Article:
The people here have been wonderful—not at all rude as I was warned they might be. I feel fortunate to know the language passably enough, and when I falter, most folks can help me to reach a clearer understanding with their English. I’ve only done a little writing and I’ve decided it is enough to make whatever I get to make: a paragraph or two, half a drawing, a sentence as each arrives. The work of beauty interests me more lately, and Paris is the perfect place to investigate that, and even though I defend my dissertation in October, I refuse to be in a hurry. I started at the former studio of the painter Eugène Delacroix, now the Musée National Eugène Delacroix, who wrote the following in his journal upon moving there:
Mon logement est décidément charmant (...). Réveillé le lendemain en voyant le soleil le plus gracieux sur les maisons qui sont en face de ma fenêtre. La vue de mon petit jardin et l’aspect riant de mon atelier me causent toujours un sentiment de plaisir. (28 décembre 1857)
His happiness at just being surrounded by sun and blooms and, of course, the accoutrements of his beloved profession, seems to hold such a genuine and deep connection to his practice. That runs counter to the idea that artists need conflict, contrast, difficulty to produce compelling work. Certainly we use those things, but what if what we need is ease, beauty, a peaceful and safe place to reflect and create? Today much is made of writing retreats, but not everyone can access them. I’ve had to turn down several over the past eight years due to not being able to do the amount of walking required, or it occurred during my son’s school year, or the costs were burdensome. I stopped applying in 2014, and worked to make my home the kind of retreat Delacroix described.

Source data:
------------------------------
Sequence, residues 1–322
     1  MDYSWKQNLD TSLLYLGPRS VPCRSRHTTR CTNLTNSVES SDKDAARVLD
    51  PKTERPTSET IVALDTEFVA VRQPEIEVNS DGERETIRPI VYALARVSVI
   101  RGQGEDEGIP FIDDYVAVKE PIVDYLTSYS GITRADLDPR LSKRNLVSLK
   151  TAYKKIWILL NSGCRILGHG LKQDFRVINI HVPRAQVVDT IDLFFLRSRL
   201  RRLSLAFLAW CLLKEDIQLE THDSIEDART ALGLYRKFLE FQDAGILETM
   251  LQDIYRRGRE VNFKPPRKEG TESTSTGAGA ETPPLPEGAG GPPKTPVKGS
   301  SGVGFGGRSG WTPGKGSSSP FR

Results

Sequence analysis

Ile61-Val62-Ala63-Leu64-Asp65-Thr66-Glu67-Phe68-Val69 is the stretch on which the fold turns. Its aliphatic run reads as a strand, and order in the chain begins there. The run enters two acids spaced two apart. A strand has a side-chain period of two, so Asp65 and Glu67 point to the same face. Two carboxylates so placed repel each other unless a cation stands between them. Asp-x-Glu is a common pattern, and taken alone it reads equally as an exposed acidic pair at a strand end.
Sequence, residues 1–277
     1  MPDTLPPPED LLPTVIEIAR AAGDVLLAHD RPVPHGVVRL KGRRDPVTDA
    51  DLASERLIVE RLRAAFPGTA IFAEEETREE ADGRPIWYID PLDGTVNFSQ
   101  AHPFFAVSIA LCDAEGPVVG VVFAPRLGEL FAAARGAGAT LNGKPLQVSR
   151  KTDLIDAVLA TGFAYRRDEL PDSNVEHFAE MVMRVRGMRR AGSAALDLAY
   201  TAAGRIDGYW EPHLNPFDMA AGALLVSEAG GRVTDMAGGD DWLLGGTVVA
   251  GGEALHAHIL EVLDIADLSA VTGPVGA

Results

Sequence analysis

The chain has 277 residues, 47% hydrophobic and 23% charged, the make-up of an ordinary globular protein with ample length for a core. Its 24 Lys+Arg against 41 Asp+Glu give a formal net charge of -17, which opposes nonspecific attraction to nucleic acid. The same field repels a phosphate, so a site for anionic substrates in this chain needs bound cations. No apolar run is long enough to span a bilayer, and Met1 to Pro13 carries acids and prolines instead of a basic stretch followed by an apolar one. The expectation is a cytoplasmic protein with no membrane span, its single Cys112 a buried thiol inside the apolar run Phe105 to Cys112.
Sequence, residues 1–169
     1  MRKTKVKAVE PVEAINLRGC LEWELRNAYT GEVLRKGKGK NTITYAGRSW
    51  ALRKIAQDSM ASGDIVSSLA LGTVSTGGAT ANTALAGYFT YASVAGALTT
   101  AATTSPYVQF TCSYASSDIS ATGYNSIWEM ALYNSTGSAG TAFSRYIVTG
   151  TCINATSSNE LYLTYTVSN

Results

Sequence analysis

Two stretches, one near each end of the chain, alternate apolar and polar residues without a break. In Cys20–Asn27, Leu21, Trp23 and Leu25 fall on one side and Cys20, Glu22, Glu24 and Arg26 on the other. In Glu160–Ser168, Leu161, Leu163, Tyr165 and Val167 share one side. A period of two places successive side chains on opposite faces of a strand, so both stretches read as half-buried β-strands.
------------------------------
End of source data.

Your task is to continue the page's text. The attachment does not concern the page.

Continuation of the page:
July 9, 2019
When I was hired as a visiting professor at CU in fall 2017, I bought new furniture: blue velvet sofa and loveseat, tufted nailhead linen headboard, forest green secondhand Adirondack chairs for the patio. I bought new pots and pans: copper and stainless steel, my first full matching set, and I threw out or gave away the hand-me-downs and TJ Maxx singles I’d amassed and dragged across six states. I bought new linens: 1,000 thread count white sheets, the softest I’ve ever slept on, now stained in a couple of places with ink like the rest, despite my best efforts not to fall asleep with a pen in my hand. I also bought a reversible duvet, white with a soft grey-olive branch pattern, delicate and beautiful, striped in the same colors on the other side.
But I love to write in new places as much as I do in the comfort of my apartment, with the nearness of my books, the organization of my closet, the depth of my bathtub with its built-in neck support, the fountain in the courtyard that I can view from my third-floor patio. I appreciate home all the more for having left it, and I started to write that I am lucky enough to have a replica of that comfort when I do travel, but I have earned this comfort. And more than that, I require it in order to do my best work. It feels amazing to realize that, and to have arrived at this stage of my writing, my living, my mothering. Mothering is never far from my creative process, and now, with my mother diagnosed with Alzheimer’s and dementia, daughtering will return with more force, soon. 
Next year I might need to move again. She might have to stay with me if we can’t find her her own place. The peacefulness I’ve constructed might be shattered then; my mother is not easy or at ease. Her negativity can stun even my son, whose close relationship with her I’m afraid might be complicated by the way she regresses into past decades without warning. Afraid, might, fear, anxiety. Worry creeps in like the insistent blare of horns in Paris traffic when a fire truck tries to get through. Since I cannot refuse the worry, I wait for it to pass.
 After hearing her talk of the following title at DU in 2017, introducing her and being on a panel with her last year, and of course reading her other work, I am looking forward to more from Alexis Pauline Gumbs on her concept, “Visionary Daughtering: An Intimate Intellectual and Activist Archive.”